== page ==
MANILA, Philippines?There are two ?controlling issues? in the case, the Supreme Court said. These are:
? Whether or not Jessica Alfaro?s testimony as eyewitness, describing the crime and identifying Hubert Webb, Antonio Lejano, Michael Gatchalian, Hospicio Fernandez, Peter Estrada, Miguel Rodriguez and two others as the persons who committed it, is entitled to belief.
? Whether or not Webb presented sufficient evidence to prove his alibi and rebut Alfaro?s testimony that he led the others in committing the crime.
The quality of the witness
Was Alfaro an ordinary subdivision girl who showed up at the National Bureau of Investigation after four years, bothered by her conscience or egged on by relatives or friends to come forward and do what was right? No. She was, at the time she revealed her story, working for the NBI as an ?asset? ? one who earned her living by fraternizing with criminals so she could squeal on them to her NBI handlers. She had to live a life of lies to get rewards that would pay for her subsistence and vices.
But was it possible for Alfaro to lie with such abundant details some of which even tallied with the physical evidence at the scene of the crime? No doubt, yes. Firstly, the Vizconde massacre had been reported in the media with dizzying details.
Alfaro was the NBI?s star witness, their badge of excellent investigative work. After claiming that they had solved the crime of the decade, the NBI people had a stake in making her sound credible and, obviously, they gave her all the preparations she needed for the job of becoming a fairly good substitute witness. She was their ?darling? of an asset? Why the trial court and the Court of Appeals failed to see this is mystifying.
The quality of the testimony
What motivated Alfaro to stick it out the whole night with Webb and his friends? They were practically strangers to her and her boyfriend Estrada. When it came to a point that Webb decided with his friends to gang-rape Carmela, clearly, there was nothing in it for Alfaro? If, on the other hand, Alfaro had been too soaked in drugs to think clearly and just followed along where the group took her, how could she remember so many details that only a drug-free mind can?
Alfaro?s trailing Carmela to spy on her unfaithfulness to Webb did not make sense since she was on a limited errand. But, as a critical witness, Alfaro had to provide a reason for Webb to freak out and decide to come with his friends and harm Carmela.
According to Alfaro, when they returned to Carmela?s house the third time at around midnight, she led Webb, Lejano, and Ventura through the pedestrian gate that Carmela had left open. Now, this is weird? Why would Alfaro, a woman, a stranger to Webb before that night, and obviously with no role to play in the gang-rape of Carmela, lead him and the others into the house?
Among the accused, Webb presented the strongest alibi.
Webb claims that in 1991 his parents, Freddie and Elizabeth Webb, sent him to the United States to learn the value of independence, hard work and money.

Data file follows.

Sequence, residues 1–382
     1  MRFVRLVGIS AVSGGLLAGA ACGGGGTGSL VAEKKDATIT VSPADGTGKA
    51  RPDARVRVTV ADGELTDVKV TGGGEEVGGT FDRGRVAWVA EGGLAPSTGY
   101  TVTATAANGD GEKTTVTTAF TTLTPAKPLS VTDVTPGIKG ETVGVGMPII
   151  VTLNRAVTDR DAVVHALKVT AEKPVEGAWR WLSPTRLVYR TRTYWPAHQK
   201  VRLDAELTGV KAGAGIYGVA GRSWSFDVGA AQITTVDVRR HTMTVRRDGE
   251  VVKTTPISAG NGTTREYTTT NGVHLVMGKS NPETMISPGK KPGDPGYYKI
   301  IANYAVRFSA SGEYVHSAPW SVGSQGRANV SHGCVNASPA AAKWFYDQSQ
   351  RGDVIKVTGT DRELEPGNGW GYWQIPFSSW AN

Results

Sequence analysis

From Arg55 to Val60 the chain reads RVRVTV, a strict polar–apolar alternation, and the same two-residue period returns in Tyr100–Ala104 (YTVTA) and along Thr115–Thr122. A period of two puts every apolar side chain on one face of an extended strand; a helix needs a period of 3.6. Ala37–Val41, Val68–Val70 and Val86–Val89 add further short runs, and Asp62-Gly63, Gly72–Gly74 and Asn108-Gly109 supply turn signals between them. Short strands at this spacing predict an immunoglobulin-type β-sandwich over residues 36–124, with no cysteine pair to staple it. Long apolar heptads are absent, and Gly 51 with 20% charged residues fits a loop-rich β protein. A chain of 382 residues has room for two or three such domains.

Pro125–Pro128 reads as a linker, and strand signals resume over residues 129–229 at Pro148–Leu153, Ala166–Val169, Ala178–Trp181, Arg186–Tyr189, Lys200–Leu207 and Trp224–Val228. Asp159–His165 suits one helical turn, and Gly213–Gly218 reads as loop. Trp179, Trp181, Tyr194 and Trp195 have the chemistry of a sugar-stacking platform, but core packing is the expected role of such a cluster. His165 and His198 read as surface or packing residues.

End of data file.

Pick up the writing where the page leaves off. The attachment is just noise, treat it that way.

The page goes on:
On June 28, 1991, Webb?s parents visited him in Anaheim, California, and stayed with the Brottmans. On the same day, Freddie Webb introduced Honesto Aragon to his son when he came to visit. [On] June 29, Webb, in the company of his father and Aragon, went to Riverside, California, to look for a car. They bought an MR2 Toyota car? To prove the purchase, Webb presented the Public Records of California Department of Motor Vehicle and a car plate ?LEW WEBB.?
In using the car in the United States, Webb even received traffic citations. On June 30, 1991, Webb, again accompanied by his father and Aragon, bought a bicycle at Orange Cycle Center, which issued him a receipt.
When he arrived in Manila, Webb again went through Philippine immigration. The arrival stamp and initials on his passport indicated his return to Manila on Oct. 27, 1992.
Alibi vs positive ID
The trial court and the Court of Appeals were one in rejecting Webb?s alibi as weak against Alfaro?s positive identification of him as the rapist and killer of Carmela and, apparently, the killer as well of her mother and younger sister.
A judge must keep an open mind. He must guard against slipping into a hasty conclusion, often arising from a desire to quickly finish the job of deciding a case.
A positive declaration from a witness that he saw the accused commit the crime should not automatically cancel out the accused?s claim that he did not do it.
To be acceptable, the positive identification must meet at least two criteria: the positive identification of the offender must come from a credible witness, and the witness? story of what she personally saw must be believable, not inherently contrived. Alfaro and her testimony fail to meet these criteria.
In our criminal justice system, what is important is not whether the court entertains doubts about the innocence of the accused since an open mind is willing to explore all possibilities, but whether it entertains a reasonable, lingering doubt as to his guilt.